Hornbill Unleashed

March 7, 2013

Military rank confusion in partisan times

S Thayaparan

There were many, many times thereafter that Don regretted having enlisted – but so has every man who ever volunteered for military service.” 

– Robert A Heinlein (Between Planets)

The most tragic of duties an officer has is delivering the news of death to the next of kin. This is something I had to do one cold Penang dawn many years ago. Loved ones always know when you turn up at their doorstep. They always know.

My condolences go out to the families of those fallen commandos in Lahad Datu. There will be plenty of time and opportunity for politics to take its unhealthy hold on this matter during the campaign period of this election (and no doubt even I will participate) but for now, I would suggest a moment of reflection. The situation in Sabah is a question of chickens coming home to roost, but this is an issue for another article. Indeed, a gathering storm looms on the Eastern sea board of Sabah.

military malaysia army tentera 131106 paradeHowever, partisan politics is a never-ending war and the armed forces has unfortunately been dragged in this mess. The recent statement by Defence Ministry secretary-general Ismail Samad on the “serious concern” of the unauthorised use of military ranks by retired armed forces personnel without the approval the Armed Forces Council deserves a response.

For good measure, Ismail laces his admonishment with the threat of “appropriate actions” and “prohibited from doing so by the highest command in the MAF, the Yang di-Pertuan Agong”. Included in the press statement of the ministry were the procedural details in which retired officers were allowed to use their ranks.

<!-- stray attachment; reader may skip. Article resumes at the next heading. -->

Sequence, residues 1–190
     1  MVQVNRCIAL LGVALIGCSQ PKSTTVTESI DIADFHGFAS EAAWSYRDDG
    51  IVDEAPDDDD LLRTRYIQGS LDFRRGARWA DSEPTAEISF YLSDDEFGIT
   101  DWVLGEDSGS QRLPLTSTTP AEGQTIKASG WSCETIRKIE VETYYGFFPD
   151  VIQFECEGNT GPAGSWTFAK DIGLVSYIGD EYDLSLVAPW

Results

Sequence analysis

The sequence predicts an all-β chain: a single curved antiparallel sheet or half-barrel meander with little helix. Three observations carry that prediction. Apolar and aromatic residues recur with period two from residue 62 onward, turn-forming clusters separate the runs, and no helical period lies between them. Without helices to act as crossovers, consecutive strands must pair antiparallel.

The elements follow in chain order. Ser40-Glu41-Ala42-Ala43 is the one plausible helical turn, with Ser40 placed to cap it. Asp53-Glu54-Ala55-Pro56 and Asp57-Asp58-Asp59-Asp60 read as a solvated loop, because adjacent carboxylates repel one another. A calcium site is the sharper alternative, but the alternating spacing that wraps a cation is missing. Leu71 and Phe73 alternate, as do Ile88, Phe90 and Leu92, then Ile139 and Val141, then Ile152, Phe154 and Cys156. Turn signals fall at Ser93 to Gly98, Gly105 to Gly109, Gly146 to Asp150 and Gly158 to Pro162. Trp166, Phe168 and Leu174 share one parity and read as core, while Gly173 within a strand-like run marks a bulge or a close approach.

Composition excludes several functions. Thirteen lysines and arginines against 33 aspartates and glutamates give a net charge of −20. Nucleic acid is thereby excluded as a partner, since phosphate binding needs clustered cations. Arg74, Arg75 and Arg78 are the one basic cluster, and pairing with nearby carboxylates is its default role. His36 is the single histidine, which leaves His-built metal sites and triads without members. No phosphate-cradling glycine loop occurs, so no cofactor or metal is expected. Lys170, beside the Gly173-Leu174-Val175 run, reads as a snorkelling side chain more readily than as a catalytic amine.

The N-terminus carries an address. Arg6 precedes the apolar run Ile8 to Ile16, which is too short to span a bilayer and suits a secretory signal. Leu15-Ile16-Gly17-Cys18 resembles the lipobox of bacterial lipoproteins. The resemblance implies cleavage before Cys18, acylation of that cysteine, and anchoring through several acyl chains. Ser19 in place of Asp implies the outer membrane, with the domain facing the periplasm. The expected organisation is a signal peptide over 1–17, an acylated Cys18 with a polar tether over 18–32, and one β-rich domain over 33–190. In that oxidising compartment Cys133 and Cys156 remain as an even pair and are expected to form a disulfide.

Now before I get into my own ideas and some others from retired service personnel as to why this matter has suddenly become a “serious concern”, I would like to address a point made by the secretary-general.

Speaking to reporters, he said, “”If permitted by AFC, a retired officer could wear his rank while those who were dismissed from their services are not allowed to use their former ranks.” This is a highly inappropriate statement coming from the Defence Ministry during these partisan times.

Overwhelmingly partisan

Of late, retired service personnel have not been reticent of either publicly voicing their support of the opposition or being critical of policy matters that they feel have been neglected or mishandled by the current Umno-led federal government.

NONEThe response from the military establishment has been overwhelming partisan. An example of this would be the Defence Forces chief and the three service chiefs lined up behind him accusing retired service personnel of being “treacherous” for raising concerns of the electoral process.

Another example would be the (now retired) Air Force chief who harangued service personnel to vote for the incumbent government and “not bite the hand that feeds them”. He said this while in service.

In addition, let us not forget the ongoing controversy of the purchase of the Scorpene submarines and its operational capability that was justified with political Umno undertones by the current Navy chief, who saw fit to raise the specter of re-colonisation.